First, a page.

The Montefiore Endowment aims to create rabbinical leaders who follow Sephardi custom as taught by the Rambam, which is to present Judaism pleasantly and without aggression, approaching halachic decision-making with mildness and adopting a traditional view which stresses the middle way and avoids extremes.
It stresses the virtue of inclusivity as well as the value of the world around us – and not merely tolerance of it for the purpose of earning a living. The Endowment believes in the desirability of a broad general education, preferably from university, combined with an uncompromising standard of Halacha and loyalty to Torah values.
For several years after Jews’ College ceased to train for semicha, a reputable rabbinical diploma was not readily obtainable by UK residents except by attending full-time study in Gateshead or moving to Israel or other places. Potential rabbinical leaders of quality were lost to the community as many young men felt unable to put their careers and families on hold for several years of study. It was to remedy that situation that the trustees of the Montefiore Endowment took the lead in an attempt to create a new generation of home-grown Ashkenazi and Sephardi rabbis for future leadership roles, either as community rabbis, teachers or educated lay leaders – English-trained rabbis for English-speaking communities.
The Montefiore Semicha Programme was opened in January 2006 on the premises of and in cooperation with the Spanish and Portuguese Jews’ Congregation of London. It started with a group of broadly-educated young men, eager to learn and train part-time for the mainstream orthodox rabbinate while continuing their careers or other studies. Students, Ashkenazi and Sephardi, are selected for their solid Jewish learning and also for their secular education – on the principle that study at university level is a necessary enrichment to Torah and to effectiveness in Torah leadership. Only candidates who have already reached a high standard in yeshivah and have a broad general education are accepted for yoreh-yoreh. They are committed to the concept of Torah in the everyday world, not in an ivory tower.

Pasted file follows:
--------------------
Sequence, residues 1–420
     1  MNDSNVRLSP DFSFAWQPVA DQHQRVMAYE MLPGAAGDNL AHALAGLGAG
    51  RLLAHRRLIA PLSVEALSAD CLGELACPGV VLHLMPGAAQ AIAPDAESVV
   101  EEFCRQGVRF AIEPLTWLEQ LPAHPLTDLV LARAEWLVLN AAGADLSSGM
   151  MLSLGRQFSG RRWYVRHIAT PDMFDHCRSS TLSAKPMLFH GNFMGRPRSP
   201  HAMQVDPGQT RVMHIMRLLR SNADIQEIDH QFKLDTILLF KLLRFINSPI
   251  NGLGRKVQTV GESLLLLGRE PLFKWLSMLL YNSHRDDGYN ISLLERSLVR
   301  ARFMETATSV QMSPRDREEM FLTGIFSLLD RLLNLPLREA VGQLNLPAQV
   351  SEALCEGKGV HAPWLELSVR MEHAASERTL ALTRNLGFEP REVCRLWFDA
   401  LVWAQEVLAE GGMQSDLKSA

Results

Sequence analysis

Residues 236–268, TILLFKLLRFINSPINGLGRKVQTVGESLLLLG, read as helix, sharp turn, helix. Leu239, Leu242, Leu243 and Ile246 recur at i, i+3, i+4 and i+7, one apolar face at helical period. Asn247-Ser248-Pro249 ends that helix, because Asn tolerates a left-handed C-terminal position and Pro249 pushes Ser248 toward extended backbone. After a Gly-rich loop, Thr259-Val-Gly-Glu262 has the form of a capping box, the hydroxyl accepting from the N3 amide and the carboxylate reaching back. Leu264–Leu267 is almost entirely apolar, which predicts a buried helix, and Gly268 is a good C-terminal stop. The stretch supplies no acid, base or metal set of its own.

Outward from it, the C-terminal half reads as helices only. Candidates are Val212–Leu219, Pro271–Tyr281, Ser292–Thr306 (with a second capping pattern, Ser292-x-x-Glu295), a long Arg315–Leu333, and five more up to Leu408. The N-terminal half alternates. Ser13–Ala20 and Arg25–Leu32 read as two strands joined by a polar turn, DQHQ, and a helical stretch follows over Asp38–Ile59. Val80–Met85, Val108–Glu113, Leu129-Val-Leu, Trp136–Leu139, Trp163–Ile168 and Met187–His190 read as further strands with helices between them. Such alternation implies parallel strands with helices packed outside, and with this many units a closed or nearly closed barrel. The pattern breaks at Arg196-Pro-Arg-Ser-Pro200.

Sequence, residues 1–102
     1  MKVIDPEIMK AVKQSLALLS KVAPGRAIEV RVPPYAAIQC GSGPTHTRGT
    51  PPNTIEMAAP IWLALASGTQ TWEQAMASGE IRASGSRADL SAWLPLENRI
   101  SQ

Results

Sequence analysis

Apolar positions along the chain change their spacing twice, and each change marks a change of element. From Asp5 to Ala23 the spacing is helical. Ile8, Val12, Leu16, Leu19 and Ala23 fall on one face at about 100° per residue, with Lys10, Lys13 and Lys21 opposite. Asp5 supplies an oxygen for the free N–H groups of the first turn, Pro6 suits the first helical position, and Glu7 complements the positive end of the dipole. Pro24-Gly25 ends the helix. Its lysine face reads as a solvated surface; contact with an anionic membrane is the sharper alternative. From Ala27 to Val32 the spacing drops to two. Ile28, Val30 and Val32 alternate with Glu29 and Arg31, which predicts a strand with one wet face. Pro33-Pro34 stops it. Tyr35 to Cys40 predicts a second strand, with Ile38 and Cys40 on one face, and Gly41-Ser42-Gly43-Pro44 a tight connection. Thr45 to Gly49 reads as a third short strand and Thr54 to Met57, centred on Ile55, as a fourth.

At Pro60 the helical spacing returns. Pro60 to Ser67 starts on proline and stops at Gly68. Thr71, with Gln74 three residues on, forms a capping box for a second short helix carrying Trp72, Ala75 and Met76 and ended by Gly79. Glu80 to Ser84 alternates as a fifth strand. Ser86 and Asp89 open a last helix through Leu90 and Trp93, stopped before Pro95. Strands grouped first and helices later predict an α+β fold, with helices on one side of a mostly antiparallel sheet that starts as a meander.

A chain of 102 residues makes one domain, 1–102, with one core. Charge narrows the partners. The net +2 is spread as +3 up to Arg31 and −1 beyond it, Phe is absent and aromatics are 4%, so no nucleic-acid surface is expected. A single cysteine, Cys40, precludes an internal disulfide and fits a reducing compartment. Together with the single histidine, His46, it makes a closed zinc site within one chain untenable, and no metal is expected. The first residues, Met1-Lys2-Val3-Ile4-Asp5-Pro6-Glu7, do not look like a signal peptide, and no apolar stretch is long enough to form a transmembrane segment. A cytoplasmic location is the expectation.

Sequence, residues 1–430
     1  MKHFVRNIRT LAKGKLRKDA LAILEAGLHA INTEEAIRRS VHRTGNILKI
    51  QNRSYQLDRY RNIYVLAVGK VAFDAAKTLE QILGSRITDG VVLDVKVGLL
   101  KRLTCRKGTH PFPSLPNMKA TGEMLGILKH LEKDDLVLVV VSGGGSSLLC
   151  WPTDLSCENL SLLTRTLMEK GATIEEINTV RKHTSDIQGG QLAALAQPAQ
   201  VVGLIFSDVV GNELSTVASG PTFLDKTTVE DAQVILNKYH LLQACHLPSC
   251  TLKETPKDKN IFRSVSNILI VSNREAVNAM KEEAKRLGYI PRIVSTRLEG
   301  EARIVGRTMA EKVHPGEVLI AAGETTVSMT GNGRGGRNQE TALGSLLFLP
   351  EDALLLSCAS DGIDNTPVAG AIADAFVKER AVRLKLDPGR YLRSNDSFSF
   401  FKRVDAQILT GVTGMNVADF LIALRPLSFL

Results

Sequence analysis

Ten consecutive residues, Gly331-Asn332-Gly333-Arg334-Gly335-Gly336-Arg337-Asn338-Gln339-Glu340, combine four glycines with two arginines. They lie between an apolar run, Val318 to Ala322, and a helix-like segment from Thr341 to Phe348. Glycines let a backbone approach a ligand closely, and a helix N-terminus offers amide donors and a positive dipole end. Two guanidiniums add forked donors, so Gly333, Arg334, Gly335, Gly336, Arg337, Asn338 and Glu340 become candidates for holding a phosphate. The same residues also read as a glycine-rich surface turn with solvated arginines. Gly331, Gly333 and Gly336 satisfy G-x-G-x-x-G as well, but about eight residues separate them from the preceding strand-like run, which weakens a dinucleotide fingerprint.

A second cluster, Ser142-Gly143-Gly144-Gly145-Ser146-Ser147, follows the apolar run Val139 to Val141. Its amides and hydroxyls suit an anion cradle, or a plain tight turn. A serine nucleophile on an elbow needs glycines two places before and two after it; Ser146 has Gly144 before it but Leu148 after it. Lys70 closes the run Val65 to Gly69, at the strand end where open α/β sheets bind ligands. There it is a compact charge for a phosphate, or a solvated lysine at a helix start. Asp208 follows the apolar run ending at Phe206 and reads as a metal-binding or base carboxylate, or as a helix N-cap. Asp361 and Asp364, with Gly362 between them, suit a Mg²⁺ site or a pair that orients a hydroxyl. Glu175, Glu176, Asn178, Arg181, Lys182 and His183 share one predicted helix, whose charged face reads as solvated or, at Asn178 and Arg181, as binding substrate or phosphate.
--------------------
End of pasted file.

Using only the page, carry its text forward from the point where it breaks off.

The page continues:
The core of the course is, of course, the study of Halacha; but the curriculum also includes Tanach as well as practical community-directed subjects such as counselling, public speaking, homiletics, life events, hazanut and voice training (for some), teaching skills, history and ethics. The quality of this programme has been endorsed by its acceptance by the Rabbinical Council of America, which had previously only recognised Gateshead diplomas from this country.
This is the only such structured course in the United Kingdom and, apart from a single institution in France, is the only one in Europe.
Five students received semicha in 2009 and ten more in 2013. Most of the third intake will graduate in 2017, with a few continuing for another year. A fourth intake will start studying in November 2017; and some students may in future be admitted more frequently than every four years, depending on individual circumstances.
The students’ enthusiasm and excitement, together with that of their teachers, has been an inspiration to the Endowment’s trustees.